Justice for Gymnasts: Larry Nassar

This year, suppressed frustration finally surfaced. It culminated in a movement run by women aimed at speaking out. Many sources of pain and humiliation have been shunned by indignant victims. Accounts of abuse have recently become the center of many important conversations. A particularly shocking case began sixteen months ago. An anonymous email was sent to the Indianapolis Star claiming that former USA Gymnastics and Michigan State University team doctor, Larry Nassar, was abusive in his medical practices. This email was later supported by more than 150 young female athletes who came forward with similar statements.

Larry Nassar began his gymnastics career in 1986. He was the chief medical coordinator for USA Gymnastics in 1996, eventually attending three Olympic games in 2000, 2008, and 2012. In 2015, Nassar decided to retire from his position. The public remained in the dark and heard no justification for his abrupt choice.

After a year of silence, reports began to surface citing Nassar as abuser of many young girls who would seek his medical treatment. These girls would trust Nassar as their doctor, especially as he was in the top medical position within the team. He would make them feel privileged for their position on international teams. “For years, Mr. Nassar convinced me that he was the only person who could help me recover from multiple serious injuries. To me, he was like a knight in shining armor,” said Alexis Moore. Moore claimed that Nassar molested her from the age of nine. Some of the most famous US Olympians have come forward with stories of their own abuse, including Aly Raisman, Gabby Douglas, McKayla Maroney, and Simone Biles.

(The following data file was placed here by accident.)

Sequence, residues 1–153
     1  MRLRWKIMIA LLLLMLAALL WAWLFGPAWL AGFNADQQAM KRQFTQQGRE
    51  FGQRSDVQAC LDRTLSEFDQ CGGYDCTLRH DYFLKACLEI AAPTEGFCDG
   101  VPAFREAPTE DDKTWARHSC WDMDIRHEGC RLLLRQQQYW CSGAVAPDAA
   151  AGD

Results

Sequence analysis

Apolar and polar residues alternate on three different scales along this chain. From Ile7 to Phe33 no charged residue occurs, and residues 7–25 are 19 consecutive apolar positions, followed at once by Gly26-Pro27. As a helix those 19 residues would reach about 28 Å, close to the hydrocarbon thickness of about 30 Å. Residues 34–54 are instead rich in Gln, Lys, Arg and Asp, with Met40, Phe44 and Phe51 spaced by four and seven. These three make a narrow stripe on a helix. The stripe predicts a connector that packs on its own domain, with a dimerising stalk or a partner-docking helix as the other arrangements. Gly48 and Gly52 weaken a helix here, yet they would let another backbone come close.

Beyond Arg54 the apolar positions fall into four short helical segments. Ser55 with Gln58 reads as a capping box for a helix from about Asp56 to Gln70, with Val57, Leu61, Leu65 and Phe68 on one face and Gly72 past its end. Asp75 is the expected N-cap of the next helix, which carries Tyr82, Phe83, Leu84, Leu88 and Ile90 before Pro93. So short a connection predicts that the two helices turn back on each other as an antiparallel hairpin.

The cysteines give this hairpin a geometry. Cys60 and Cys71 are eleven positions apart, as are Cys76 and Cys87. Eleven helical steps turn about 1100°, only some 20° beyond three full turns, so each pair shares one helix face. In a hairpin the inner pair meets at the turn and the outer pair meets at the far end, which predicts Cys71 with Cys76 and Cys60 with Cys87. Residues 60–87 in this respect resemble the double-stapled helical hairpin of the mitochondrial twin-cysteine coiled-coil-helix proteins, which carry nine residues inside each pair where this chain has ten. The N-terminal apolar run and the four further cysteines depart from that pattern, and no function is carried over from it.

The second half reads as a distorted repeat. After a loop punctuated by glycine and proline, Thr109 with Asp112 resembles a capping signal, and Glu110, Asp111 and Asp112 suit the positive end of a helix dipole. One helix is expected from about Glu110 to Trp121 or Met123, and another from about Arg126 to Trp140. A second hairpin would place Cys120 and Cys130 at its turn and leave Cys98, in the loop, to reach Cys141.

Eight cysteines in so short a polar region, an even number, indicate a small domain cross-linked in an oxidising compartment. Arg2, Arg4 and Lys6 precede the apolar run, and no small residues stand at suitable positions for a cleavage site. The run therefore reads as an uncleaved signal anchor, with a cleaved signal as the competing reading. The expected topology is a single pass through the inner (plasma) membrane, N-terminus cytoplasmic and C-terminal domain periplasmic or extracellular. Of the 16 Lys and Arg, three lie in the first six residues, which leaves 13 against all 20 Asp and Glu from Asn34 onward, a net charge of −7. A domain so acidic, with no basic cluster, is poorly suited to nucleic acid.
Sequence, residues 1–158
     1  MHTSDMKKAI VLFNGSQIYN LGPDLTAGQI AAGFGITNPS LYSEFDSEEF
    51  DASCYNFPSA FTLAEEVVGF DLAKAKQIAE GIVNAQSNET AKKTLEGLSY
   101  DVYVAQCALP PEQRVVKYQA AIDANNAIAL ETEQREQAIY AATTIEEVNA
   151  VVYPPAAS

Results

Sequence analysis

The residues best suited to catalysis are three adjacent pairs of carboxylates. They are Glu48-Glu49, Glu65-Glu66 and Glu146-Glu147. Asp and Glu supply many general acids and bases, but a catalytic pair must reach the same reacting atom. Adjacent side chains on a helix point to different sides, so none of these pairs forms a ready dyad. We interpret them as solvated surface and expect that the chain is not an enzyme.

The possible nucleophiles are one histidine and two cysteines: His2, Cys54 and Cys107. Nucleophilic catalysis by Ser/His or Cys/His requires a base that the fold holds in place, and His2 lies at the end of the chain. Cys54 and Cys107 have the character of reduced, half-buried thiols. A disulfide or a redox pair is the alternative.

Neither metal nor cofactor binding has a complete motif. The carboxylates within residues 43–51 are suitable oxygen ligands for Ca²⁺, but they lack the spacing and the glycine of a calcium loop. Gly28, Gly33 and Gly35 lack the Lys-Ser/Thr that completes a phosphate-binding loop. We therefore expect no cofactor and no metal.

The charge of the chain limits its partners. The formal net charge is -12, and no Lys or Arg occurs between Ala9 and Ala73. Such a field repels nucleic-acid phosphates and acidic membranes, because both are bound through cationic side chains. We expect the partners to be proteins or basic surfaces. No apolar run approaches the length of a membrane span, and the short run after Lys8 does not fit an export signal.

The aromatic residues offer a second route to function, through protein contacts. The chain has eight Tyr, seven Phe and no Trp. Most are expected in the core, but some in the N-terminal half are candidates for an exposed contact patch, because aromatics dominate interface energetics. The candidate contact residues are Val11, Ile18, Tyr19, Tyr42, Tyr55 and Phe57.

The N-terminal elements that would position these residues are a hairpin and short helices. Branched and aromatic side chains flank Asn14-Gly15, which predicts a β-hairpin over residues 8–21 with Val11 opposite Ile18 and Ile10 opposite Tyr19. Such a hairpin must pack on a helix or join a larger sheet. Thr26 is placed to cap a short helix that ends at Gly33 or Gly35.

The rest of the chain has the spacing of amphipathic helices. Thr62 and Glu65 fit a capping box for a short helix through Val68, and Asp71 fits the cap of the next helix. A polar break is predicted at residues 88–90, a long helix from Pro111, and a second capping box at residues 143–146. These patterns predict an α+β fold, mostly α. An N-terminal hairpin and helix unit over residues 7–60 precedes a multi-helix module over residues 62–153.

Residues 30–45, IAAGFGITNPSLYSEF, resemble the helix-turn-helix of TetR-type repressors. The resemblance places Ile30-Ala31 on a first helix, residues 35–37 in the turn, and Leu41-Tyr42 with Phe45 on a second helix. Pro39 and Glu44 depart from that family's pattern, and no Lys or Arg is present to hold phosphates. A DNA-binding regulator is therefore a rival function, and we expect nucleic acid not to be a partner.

An even more shocking revelation was that USA Gymnastics, as well as Michigan State University, were aware of these scarring events, yet failed to take any action. Aly Raisman, an esteemed gymnast who has attended the Olympics several times, claimed an official with USA Gymnastics told her to feel lucky for the treatment she was receiving from Nassar as he was supposed to be such a ‘good doctor.’ Gymnasts reached settlements to prevent them from releasing their abuse to the public including McKayla Maroney. If she was to come forward, she would have been fined $100,000. For far too long, many young girls were forced to simply give in to silence and continue getting taken advantage of.

Justice was finally served. Steve Penny, the CEO of USA Gymnastics, resigned in March 2017 as reports of the scandal increased. Michigan State’s athletics director Mark Hollis also subsequently retired. A sentence was delivered for a minimum of 40 years and maximum of 175 years in Michigan state prison for Nassar.

With all of the new and empowering initiatives in place encouraging advocacy, we begin noting a change in our political climate. Many of the brave faces who have come forward to share their stories have created a sense of solidarity and community that has finally fostered a global climate where any form of sexual assault or abuse from those in power is no longer tolerated.